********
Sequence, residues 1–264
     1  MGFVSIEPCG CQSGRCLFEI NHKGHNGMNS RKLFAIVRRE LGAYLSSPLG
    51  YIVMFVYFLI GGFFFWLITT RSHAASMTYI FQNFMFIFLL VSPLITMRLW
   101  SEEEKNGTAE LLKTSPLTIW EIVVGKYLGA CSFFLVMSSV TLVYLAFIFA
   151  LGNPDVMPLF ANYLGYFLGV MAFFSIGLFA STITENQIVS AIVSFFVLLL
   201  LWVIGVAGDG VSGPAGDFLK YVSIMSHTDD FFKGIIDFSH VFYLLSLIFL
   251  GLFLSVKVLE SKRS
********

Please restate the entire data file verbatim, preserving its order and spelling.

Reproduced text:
Sequence, residues 1–264
     1  MGFVSIEPCG CQSGRCLFEI NHKGHNGMNS RKLFAIVRRE LGAYLSSPLG
    51  YIVMFVYFLI GGFFFWLITT RSHAASMTYI FQNFMFIFLL VSPLITMRLW
   101  SEEEKNGTAE LLKTSPLTIW EIVVGKYLGA CSFFLVMSSV TLVYLAFIFA
   151  LGNPDVMPLF ANYLGYFLGV MAFFSIGLFA STITENQIVS AIVSFFVLLL
   201  LWVIGVAGDG VSGPAGDFLK YVSIMSHTDD FFKGIIDFSH VFYLLSLIFL
   251  GLFLSVKVLE SKRS